Here is an interesting comment from one of my previous blogs on how to change the compatibility level of SQL server post posted earlier. Some of these comments are interesting and can provide some interesting extension to blog ideas like this. So the comment was:
Under what circumstances would SQL Server automatically change the compatibility level ? I am currently working on SQL Server 2008 and there is a user database which has a compatibility level of 80. Apparently this database was moved to this server prior to my time, and the compatibility level was never changed/upgraded. When I execute the following script, it is set successfully to 100, however, the next day, it goes back to 80. Any ideas ?
ALTER DATABASE [MyDB] SET COMPATIBILITY_LEVEL = 100
There is only a SQL Maintenance plan to perform integrity check, full database backups / transaction log backups, index rebuild/update stats on this instance.
Here is my reply:
SQL Server doesn’t do that automatically. There must be some automated activity doing it.
When the reader asked how to track such changes done in SQL Server. I had replied separately over mail and now sharing with you. I tried to write a script, which would create a DDL trigger on ALTER database command. Below script would do below things.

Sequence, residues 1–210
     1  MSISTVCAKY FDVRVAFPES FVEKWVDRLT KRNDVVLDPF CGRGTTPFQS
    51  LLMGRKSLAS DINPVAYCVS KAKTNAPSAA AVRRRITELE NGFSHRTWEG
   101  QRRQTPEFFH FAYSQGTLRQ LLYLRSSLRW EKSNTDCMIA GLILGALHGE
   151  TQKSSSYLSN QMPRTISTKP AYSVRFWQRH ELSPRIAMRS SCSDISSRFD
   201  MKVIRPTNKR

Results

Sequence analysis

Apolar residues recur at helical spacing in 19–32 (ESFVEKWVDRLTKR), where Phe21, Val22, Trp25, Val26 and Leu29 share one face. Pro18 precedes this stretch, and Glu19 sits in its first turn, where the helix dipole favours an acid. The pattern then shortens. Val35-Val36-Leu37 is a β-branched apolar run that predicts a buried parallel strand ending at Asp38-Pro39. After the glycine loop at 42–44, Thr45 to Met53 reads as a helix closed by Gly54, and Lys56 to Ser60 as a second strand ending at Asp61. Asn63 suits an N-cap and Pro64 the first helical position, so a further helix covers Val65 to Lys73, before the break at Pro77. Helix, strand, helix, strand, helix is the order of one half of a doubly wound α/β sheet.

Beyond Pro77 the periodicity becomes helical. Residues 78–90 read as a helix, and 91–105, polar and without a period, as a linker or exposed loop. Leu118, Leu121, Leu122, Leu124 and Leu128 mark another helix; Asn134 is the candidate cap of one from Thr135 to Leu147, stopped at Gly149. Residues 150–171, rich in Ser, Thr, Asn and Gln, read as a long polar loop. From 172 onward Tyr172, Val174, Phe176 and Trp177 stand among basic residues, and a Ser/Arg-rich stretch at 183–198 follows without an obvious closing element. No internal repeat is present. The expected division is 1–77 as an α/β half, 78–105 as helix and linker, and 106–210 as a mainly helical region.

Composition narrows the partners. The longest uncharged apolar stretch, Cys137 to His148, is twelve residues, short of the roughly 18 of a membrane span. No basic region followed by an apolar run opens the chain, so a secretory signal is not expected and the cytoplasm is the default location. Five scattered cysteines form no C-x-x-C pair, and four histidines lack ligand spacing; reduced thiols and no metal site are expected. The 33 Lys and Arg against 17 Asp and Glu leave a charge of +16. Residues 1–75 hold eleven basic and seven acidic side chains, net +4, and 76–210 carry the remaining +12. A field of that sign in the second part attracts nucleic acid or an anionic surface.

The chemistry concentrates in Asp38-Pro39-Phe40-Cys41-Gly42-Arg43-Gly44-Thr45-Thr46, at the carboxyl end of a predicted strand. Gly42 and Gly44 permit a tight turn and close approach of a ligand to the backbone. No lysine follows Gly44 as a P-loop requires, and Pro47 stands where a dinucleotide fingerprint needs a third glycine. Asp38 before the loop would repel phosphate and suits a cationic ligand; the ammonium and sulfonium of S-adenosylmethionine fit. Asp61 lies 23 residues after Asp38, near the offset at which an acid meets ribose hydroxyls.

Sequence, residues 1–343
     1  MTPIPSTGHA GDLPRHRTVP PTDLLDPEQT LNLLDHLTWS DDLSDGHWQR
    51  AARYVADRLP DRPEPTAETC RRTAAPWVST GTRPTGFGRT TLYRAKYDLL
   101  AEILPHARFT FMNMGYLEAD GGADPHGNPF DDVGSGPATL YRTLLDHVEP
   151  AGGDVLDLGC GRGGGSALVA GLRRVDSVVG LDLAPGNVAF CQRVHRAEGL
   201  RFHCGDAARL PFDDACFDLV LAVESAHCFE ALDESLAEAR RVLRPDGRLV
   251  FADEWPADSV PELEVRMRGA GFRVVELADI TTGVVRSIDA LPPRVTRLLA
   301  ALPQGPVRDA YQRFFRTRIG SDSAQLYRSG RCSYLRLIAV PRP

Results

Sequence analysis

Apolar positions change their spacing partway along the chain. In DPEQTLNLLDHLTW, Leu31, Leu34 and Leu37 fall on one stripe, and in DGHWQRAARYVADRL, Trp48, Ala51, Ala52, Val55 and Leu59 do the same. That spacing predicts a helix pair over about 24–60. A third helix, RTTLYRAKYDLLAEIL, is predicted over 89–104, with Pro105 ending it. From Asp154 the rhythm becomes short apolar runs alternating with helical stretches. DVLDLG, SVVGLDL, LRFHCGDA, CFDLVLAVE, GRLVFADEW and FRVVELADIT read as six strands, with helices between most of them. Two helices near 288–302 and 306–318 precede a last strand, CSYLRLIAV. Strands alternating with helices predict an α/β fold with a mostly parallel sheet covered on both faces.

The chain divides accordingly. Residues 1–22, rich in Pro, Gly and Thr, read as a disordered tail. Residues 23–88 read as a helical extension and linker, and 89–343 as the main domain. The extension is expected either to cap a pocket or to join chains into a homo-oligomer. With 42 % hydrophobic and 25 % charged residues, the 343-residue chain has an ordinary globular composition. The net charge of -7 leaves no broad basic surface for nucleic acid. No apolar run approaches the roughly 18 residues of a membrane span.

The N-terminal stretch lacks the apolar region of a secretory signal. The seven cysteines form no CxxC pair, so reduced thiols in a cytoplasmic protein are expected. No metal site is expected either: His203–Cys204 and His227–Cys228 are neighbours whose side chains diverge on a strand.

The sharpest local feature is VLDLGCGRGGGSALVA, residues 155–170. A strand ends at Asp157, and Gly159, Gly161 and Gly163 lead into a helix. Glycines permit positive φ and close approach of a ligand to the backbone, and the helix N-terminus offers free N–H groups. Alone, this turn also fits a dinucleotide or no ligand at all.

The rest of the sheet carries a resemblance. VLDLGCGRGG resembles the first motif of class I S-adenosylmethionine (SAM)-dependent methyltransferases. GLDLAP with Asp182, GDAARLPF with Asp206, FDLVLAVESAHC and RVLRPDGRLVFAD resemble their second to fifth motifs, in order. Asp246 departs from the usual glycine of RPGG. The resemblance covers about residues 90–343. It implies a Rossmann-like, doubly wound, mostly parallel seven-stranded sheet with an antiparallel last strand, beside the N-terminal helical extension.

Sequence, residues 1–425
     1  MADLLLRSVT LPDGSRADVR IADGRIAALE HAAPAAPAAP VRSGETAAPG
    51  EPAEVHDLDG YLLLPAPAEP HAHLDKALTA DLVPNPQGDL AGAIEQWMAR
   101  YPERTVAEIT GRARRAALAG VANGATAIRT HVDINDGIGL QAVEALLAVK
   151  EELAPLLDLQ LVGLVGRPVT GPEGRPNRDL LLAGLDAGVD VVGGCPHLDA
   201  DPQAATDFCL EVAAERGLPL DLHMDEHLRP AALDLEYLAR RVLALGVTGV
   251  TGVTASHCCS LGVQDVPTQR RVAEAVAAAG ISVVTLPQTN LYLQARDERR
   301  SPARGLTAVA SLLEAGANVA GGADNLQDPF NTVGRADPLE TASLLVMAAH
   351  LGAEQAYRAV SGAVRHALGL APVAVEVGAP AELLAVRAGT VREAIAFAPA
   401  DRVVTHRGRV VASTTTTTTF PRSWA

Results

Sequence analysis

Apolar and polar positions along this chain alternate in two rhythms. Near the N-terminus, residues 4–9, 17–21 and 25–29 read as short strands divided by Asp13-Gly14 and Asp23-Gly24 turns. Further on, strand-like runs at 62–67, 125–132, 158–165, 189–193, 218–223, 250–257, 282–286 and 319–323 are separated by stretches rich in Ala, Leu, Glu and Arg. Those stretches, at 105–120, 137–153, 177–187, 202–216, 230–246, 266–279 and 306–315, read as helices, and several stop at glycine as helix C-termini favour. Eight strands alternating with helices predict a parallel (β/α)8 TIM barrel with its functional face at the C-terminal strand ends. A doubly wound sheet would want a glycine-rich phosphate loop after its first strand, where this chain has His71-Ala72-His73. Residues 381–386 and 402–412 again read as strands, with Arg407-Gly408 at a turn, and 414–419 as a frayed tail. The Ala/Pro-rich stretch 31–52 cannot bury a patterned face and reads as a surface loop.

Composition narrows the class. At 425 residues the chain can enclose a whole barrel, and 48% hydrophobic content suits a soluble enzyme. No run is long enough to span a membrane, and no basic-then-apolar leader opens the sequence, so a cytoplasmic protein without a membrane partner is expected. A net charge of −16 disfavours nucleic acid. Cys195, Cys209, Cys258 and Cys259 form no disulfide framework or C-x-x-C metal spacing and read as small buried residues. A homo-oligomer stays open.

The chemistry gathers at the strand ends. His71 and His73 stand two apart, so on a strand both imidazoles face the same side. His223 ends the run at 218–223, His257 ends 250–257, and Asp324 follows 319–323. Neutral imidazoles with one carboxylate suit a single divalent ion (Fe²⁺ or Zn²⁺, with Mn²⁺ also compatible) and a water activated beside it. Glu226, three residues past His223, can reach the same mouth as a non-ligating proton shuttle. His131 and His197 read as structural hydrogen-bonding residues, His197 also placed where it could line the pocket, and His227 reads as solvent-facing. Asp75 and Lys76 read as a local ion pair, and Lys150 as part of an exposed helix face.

- Find who fired ALTER DATABASE Command.
- From which Application it was fired.
- What was the exact command fired.
Here is the code of the trigger.
IF EXISTS (SELECT * FROM sys.server_triggers
WHERE name = 'DDL_Database_Trigger')
DROP TRIGGER DDL_Database_Trigger
ON ALL SERVER;
CREATE TRIGGER DDL_Database_Trigger
ON ALL SERVER
DECLARE @cmd VARCHAR(200)
DECLARE @who VARCHAR(200)
DECLARE @fromwhere VARCHAR(200)
SELECT @cmd = EVENTDATA().value('(/EVENT_INSTANCE/TSQLCommand/CommandText)','nVARCHAR(max)')
SELECT @who = EVENTDATA().value('(/EVENT_INSTANCE/LoginName)','nVARCHAR(max)')
SELECT @fromwhere = EVENTDATA().value('(/EVENT_INSTANCE/ServerName)','nVARCHAR(max)')
RAISERROR (N'!!!Database ALTERED!!!
Command - %s
By - %s
From - %s.',
@cmd, @who, @fromwhere) WITH LOG
For testing purpose, I fired below two commands:
ALTER DATABASE [SQLAuthority] SET COMPATIBILITY_LEVEL = 100
ALTER DATABASE [SQLAuthority] ADD FILE
( NAME = N'MM',
FILENAME = N'E:\InvalidPath\MM.ndf', SIZE = 5120KB, FILEGROWTH = 1024KB)
TO FILEGROUP [PRIMARY]
And here is what I saw in ERROROG
If you have not pre-configured DDL trigger to catch that information in ERRORLOG, don’t worry. You still have some information logged in default trace. Go through below blog where I explored Standard Reports which are available out of the box with SQL Server.
Have you ever used such tricks on your server? Do let me know.
Reference: Pinal Dave (https://blog.sqlauthority.com)